As I continue editing my 50+ blog posts about caregiving for my mother, who has Alzheimer’s—hoping to turn them into a collection of essays for publication—I’m also reading an inspirational book. The New York Times bestseller, Turn of Mind by Alice LaPlante, is a fictional account of an orthopedic surgeon’s decline with Alzheimer’s. It’s also a murder mystery. Brilliant book.
Since I’ve titled my essay collection Tangles and Plaques (read this post to see why) I was excited to see LaPlante’s use of those terms in her book:
This half state. Life in the shadows. As the neurofibrillary tangles proliferate, as the neuritic plaques harden, as synapses cease to fire and my mind rots out, I remain aware. An un anesthetized patient.
Every death of every cell pricks me where I am most tender.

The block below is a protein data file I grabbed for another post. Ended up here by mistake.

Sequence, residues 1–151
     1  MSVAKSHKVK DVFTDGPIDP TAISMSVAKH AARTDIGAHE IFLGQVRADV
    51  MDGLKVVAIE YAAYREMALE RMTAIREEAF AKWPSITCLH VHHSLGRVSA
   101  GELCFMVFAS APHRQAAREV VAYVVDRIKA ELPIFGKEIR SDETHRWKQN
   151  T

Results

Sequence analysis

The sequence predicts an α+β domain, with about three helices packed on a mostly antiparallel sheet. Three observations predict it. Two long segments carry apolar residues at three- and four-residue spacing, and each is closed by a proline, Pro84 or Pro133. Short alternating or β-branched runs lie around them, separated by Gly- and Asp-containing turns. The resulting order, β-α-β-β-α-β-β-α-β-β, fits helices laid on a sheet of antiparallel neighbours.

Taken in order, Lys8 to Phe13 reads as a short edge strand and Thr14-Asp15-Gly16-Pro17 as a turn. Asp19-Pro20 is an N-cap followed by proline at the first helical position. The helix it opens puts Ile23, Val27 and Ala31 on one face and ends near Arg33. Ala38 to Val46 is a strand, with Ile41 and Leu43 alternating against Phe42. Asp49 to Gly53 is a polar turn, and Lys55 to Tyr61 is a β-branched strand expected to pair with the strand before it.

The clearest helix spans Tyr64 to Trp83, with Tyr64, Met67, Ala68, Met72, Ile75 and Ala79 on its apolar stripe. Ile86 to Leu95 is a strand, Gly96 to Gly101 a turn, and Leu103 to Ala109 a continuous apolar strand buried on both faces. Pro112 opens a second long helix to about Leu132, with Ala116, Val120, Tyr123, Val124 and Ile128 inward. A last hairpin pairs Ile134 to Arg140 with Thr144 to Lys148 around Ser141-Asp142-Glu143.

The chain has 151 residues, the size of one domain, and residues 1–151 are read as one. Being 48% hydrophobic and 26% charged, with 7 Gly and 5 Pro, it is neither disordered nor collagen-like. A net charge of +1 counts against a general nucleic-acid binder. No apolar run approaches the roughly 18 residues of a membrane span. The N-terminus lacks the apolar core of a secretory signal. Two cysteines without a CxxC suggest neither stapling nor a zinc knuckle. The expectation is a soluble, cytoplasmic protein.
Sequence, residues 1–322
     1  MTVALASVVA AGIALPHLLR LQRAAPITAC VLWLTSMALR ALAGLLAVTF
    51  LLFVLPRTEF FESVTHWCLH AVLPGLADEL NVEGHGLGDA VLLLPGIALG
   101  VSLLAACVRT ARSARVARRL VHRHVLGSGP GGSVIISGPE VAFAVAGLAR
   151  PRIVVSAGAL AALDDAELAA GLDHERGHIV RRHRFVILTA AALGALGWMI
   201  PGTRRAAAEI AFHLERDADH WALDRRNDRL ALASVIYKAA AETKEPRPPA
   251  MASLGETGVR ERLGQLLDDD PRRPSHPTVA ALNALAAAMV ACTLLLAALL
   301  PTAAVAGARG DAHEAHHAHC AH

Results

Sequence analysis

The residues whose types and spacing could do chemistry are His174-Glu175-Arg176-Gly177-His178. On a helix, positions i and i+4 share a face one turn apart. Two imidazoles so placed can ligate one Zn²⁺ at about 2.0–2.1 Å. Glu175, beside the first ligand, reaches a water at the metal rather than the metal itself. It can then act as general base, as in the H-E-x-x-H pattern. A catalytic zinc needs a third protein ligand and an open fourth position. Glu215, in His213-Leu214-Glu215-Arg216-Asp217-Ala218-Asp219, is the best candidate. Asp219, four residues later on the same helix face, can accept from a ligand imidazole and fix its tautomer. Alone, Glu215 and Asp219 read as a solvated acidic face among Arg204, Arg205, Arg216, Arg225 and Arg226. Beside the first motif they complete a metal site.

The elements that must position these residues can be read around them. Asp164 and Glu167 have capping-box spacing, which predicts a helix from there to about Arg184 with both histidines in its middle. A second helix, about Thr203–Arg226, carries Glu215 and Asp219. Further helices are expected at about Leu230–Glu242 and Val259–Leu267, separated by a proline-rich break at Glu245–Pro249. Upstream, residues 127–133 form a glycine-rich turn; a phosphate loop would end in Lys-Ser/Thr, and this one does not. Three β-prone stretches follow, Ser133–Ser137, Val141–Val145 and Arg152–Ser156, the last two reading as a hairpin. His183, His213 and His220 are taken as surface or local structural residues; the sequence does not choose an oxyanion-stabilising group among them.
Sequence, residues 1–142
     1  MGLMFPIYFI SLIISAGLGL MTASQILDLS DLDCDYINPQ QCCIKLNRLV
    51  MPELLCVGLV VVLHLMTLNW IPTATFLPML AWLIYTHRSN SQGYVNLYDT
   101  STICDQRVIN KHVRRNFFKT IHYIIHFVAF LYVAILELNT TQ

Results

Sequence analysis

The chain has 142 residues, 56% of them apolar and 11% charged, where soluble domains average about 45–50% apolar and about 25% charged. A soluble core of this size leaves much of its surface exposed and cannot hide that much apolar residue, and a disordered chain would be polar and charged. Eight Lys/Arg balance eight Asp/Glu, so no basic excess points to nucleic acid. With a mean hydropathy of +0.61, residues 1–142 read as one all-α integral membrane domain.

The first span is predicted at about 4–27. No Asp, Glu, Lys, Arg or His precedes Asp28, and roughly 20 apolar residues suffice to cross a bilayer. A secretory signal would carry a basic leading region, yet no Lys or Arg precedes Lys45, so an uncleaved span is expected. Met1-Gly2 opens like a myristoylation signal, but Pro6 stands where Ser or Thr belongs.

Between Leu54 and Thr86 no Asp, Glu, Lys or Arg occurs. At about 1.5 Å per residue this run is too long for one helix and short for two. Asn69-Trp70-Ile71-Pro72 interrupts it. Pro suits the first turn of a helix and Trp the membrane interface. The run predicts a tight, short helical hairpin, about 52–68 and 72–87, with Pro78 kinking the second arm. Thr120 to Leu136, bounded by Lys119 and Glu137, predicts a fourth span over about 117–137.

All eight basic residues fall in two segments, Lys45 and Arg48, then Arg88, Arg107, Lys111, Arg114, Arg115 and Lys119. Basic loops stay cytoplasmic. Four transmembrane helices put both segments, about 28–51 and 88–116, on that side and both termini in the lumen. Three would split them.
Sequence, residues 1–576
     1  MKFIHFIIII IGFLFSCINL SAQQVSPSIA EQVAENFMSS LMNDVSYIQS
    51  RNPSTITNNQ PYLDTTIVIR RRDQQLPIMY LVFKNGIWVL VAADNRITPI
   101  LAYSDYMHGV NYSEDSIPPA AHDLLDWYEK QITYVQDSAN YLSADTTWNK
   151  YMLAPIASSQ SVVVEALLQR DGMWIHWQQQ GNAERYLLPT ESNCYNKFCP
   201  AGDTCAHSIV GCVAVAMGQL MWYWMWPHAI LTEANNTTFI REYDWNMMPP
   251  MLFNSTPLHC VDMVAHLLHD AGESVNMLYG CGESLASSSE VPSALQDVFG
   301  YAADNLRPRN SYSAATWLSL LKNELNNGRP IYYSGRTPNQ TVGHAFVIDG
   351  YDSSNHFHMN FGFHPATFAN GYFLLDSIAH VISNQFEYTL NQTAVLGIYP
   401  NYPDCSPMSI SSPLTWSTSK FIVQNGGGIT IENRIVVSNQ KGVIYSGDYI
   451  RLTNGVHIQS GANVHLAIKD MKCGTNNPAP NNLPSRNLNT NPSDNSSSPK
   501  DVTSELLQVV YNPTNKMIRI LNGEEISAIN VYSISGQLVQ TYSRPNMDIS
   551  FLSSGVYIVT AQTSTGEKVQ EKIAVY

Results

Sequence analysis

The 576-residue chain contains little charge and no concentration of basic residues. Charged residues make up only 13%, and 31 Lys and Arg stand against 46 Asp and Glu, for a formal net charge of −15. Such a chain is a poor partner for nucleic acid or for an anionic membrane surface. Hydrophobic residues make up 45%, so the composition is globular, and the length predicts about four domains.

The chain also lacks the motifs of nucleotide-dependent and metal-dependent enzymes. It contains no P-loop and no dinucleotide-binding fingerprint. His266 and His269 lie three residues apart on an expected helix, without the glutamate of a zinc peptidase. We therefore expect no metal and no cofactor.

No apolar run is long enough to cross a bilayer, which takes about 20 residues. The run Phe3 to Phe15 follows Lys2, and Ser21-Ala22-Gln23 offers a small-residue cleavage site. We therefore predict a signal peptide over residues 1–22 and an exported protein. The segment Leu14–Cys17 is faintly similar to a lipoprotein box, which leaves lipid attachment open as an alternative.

Ouch. LaPlante’s book is difficult to read, but I can’t put it down. Especially since she’s combined the psychological aspects with a murder mystery. Who killed Jennifer’s best friend Amanda?
It’s also interesting to me that LaPlante’s protagonist, Dr. Jennifer White, was raised as a Catholic, and her most prized possession is an icon of Saint Rita of Cascia, the patron saint of lost causes.
Alzheimer’s. Murder mystery. Icons. I’m only halfway through the book, but every page contains treasures.